hunterman0953

Are there different 'styles' of ballet dancing?

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:off topic: Memory is such a problem these days, but I'm sure I heard Irek Mukhamedov speaking, in the Nineties, about having to adapt to an English style of dancing, yet the research I have done (admittedly little) tells me that there is only one 'style' of ballet dancing. Are there, or have there been in the past, noticeably differing styles of ballet dancing? If there are, or have been, what am I to look out for that might demonstrate such differences? Again, I'm relying on a shaky memory, but I seem to remember Irek speaking of a somewhat lighter style in English dancing.Was he, I wonder, referring only to his own style, which he felt might be lighter, the better to fit in with the English way of dancing?

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Yes, there are several styles. It's a very large topic; I'd suggest doing a search on the site and elsewhere on the Internet. You'll find references to the Russian school (search for Vaganova), Danish (Search for Bournonville), French, English and Italian, as well as a style particular the George Balanchine's ballets.

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Mmmm.. I should have used my own initiative on this one. Sorry about that. I'm afraid the old battery gets a bit flat these days, and I often need a push-start. Thanks for the push. I should be OK now. :off topic:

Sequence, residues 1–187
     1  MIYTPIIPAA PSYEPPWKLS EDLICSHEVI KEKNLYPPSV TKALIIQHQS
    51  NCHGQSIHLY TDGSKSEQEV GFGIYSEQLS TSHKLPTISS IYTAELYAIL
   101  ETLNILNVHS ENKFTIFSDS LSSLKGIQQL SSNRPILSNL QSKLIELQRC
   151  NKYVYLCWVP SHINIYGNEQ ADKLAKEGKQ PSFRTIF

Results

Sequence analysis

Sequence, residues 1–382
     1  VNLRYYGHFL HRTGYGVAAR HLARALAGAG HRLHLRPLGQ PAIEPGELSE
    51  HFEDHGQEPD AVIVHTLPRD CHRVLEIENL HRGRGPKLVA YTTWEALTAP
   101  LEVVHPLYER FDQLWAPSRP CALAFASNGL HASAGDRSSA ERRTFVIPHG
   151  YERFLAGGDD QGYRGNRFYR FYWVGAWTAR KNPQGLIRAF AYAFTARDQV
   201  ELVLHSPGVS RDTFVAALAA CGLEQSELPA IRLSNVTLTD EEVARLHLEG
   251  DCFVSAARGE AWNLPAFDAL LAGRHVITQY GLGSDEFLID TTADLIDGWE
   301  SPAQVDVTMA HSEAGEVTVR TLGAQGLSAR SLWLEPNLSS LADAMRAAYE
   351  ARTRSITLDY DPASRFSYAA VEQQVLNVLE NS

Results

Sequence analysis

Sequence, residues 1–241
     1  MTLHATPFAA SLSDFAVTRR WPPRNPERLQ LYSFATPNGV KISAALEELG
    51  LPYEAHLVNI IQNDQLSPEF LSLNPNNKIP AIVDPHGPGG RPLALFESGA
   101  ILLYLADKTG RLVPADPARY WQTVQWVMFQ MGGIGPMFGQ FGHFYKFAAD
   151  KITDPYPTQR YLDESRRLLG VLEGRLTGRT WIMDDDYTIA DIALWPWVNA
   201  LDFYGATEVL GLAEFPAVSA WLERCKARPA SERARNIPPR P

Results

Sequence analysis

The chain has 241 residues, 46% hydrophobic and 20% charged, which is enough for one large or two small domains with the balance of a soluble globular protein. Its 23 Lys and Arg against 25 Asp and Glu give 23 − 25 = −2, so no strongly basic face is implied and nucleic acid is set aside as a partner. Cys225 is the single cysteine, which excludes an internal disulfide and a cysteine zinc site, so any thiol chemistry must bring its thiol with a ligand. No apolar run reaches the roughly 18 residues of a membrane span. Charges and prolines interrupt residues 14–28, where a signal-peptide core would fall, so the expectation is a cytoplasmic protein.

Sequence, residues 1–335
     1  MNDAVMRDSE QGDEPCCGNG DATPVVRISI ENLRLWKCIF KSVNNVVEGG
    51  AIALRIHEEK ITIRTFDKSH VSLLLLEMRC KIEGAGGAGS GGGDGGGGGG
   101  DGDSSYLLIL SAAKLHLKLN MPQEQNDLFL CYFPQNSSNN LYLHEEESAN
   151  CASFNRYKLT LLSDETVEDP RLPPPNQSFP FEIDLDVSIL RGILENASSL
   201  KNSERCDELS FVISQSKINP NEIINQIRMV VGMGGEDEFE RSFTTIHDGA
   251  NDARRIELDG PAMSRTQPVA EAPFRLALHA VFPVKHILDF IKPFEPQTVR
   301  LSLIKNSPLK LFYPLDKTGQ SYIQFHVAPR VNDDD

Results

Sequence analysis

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Thank you so much Carbro, for giving us a starting point.

I was glad that hunterman asked this question because just today I was wondering what this statement from BalletBag's article on Petipa meant.... in practical terms that a non-dancer (myself) would understand:

His [Petipa's] dances combine the technical purity of the French school with the virtuosity of the Italian school.

And hunterman, i have seen the documentary on Mukhamedov that I think you are referring to. I would imagine that Mukhamedov had to cope with adjusting to many differences: size of the stage, perhaps the angle of the raking of the stage?, the kind of choreography dominant in the company, perhaps type of expression including more mime? as well as the different technical basis that I think you are referring to. It would be interesting to know more about the kinds of adjustments dancers from Russia had to make when they came to the West.

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Innopac, re: Petipa, the Cliff's Notes version is that the French style at the time was very graceful and delicate, with all effort hidden, whereas the Italian style was much more brilliant, with a heavier emphasis on multiple turns and in particular a strong pointe technique.

I can think of several stylistic differences Mukhamedov might have had to contend with, such as a different way of using the foot during battement tendu and related movements, a heavier emphasis on quick footwork, differences in the use of the arms and upper body, and probably many others of which I'm not aware.